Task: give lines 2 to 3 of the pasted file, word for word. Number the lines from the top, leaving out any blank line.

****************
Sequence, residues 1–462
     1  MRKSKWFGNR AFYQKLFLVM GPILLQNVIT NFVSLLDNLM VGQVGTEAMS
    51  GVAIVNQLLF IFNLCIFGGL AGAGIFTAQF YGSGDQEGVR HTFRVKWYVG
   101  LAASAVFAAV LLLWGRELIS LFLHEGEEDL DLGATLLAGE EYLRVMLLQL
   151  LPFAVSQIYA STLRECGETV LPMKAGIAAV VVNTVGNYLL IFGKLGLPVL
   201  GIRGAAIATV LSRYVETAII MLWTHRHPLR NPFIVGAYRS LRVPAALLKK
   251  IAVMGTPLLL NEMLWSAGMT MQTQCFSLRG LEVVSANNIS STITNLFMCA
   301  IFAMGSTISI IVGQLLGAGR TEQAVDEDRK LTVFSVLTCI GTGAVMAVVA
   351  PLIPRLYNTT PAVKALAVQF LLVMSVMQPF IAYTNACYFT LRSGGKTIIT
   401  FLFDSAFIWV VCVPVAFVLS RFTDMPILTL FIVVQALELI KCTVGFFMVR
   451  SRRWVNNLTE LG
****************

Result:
     1  MRKSKWFGNR AFYQKLFLVM GPILLQNVIT NFVSLLDNLM VGQVGTEAMS
    51  GVAIVNQLLF IFNLCIFGGL AGAGIFTAQF YGSGDQEGVR HTFRVKWYVG